Hedrick slew a mosquito upon his temple, smiting himself hard. "No, they're Chinese!" he muttered hoarsely.

"They're Neapolitans," said Corliss.

"Do they wear red sashes and earrings?" asked Cora.

"One of them wears earrings and a derby hat!"

"Ah!" she protested, turning to him again. "You don't tell me. You let me cross-question you, but you don't tell me things! Don't you see? I want to know what _life_ is! I want to know of strange seas, of strange people, of pain and of danger, of great music, of curious thoughts! What are the Neapolitan women like?"

"They fade early."

She leaned closer to him. "Before the fading have you--have you loved--many?"

"All the pretty ones I ever saw," he answered gayly, but with something in his tone (as there was in hers) which implied that all the time they were really talking of things other than those spoken. Yet here this secret subject seemed to come near the surface.

She let him hear a genuine little snap of her teeth. "I _thought_ you were like that!"

He laughed. "Ah, but you were sure to see it!"

"You could 'a' seen a Neapolitan woman yesterday, Cora," said Hedrick, obligingly, "if you'd looked out the front window. She was working a hurdy-gurdy up and down this neighbourhood all afternoon." He turned genially to face his sister, and added: "Ray Vilas used to say there were lots of pretty girls in Lexington."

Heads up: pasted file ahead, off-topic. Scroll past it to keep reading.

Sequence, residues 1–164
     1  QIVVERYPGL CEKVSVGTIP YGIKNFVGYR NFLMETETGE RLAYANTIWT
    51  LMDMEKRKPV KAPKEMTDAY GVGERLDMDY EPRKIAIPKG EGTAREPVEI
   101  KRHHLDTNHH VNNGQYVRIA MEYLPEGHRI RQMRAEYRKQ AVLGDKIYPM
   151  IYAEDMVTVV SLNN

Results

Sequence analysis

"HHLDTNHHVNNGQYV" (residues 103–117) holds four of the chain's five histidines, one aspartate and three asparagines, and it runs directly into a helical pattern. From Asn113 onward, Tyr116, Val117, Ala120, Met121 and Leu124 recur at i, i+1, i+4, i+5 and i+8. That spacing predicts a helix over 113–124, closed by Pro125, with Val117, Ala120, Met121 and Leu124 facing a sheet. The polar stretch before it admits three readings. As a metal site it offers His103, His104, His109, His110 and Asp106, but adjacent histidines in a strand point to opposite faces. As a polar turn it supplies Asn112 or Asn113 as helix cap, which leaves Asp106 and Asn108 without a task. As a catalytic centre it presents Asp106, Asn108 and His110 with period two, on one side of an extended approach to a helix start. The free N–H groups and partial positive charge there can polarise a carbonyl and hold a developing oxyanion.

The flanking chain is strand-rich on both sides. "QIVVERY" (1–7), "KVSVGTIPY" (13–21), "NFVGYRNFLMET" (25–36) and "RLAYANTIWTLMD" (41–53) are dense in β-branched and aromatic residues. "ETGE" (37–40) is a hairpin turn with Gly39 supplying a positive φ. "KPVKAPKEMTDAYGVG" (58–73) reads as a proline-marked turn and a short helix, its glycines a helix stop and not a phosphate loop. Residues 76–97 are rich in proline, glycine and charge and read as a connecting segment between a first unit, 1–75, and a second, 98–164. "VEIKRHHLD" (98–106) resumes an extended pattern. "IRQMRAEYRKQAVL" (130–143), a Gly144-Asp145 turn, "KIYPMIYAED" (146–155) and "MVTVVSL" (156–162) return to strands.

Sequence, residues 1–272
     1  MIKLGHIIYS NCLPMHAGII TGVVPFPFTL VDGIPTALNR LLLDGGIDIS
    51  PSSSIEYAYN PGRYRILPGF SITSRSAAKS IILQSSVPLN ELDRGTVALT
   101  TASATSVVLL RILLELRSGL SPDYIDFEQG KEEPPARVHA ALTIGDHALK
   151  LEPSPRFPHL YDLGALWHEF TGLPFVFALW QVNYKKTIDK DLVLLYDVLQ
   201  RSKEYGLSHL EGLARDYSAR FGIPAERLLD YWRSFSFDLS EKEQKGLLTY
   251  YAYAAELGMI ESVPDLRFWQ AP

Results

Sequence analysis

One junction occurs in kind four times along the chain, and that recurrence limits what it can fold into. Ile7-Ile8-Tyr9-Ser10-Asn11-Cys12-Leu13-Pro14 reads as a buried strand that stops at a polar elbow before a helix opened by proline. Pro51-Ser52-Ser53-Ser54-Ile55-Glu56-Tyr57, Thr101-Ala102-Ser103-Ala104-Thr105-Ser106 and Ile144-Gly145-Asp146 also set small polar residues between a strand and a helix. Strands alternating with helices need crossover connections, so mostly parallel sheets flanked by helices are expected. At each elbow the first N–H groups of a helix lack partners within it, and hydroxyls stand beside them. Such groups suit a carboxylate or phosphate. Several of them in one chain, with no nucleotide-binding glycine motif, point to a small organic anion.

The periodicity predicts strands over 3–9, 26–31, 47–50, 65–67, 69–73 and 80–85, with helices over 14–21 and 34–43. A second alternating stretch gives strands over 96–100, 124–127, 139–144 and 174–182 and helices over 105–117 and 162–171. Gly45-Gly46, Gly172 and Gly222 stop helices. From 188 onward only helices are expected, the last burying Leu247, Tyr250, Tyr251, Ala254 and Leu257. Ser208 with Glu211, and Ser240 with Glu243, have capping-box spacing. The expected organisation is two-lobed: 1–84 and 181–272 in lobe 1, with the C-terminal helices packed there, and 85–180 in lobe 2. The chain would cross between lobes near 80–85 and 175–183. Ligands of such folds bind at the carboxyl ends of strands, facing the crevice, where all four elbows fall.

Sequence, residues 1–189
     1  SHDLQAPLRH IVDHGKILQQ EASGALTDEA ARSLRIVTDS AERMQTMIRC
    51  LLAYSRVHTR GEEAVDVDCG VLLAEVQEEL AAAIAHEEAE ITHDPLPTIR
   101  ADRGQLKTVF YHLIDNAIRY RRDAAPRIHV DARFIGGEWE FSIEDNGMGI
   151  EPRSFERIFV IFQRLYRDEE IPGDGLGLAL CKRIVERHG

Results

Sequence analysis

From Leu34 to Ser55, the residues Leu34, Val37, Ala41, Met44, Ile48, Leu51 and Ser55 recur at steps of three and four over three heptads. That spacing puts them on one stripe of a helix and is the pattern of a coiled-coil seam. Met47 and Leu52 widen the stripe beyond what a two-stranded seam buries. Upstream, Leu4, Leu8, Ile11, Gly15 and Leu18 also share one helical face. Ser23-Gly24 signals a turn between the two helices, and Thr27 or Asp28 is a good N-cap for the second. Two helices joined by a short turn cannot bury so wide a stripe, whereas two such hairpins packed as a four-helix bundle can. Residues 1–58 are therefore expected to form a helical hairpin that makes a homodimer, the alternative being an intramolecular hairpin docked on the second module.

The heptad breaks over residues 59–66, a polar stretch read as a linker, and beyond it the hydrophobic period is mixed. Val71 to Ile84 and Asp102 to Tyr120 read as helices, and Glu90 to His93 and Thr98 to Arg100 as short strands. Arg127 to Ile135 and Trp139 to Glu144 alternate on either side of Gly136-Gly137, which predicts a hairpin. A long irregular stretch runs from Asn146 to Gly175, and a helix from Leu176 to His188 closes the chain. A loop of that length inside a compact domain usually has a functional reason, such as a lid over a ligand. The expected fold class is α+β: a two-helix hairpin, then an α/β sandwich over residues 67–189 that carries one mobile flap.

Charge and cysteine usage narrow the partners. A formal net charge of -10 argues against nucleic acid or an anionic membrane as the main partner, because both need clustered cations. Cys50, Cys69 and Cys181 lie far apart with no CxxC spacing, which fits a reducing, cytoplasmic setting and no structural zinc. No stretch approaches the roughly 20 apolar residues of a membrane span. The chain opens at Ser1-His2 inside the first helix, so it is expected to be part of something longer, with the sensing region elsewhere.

Cora sprang to her feet. "You're not smoking," she said to Corliss hurriedly, as upon a sudden discovery. "Let me get you some matches."

She had entered the house before he could protest, and Hedrick, looking down the hall, was acutely aware that she dived desperately into the library. But, however tragic the cry for justice she uttered there, it certainly was not prolonged; and the almost instantaneous quickness of her reappearance upon the porch, with matches in her hand, made this one of the occasions when her brother had to admit that in her own line Cora was a miracle.

"So thoughtless of me," she said cheerfully, resuming her seat. She dropped the matches into Mr. Corliss's hand with a fleeting touch of her finger-tips upon his palm. "Of course you wanted to smoke. I can't think why I didn't realize it before. I must have----"

A voice called from within, commanding in no, uncertain tones.

"Hedrick! I should like to see you!" Hedrick rose, and, looking neither to the right nor, to the left, went stonily into the house, and appeared before the powers.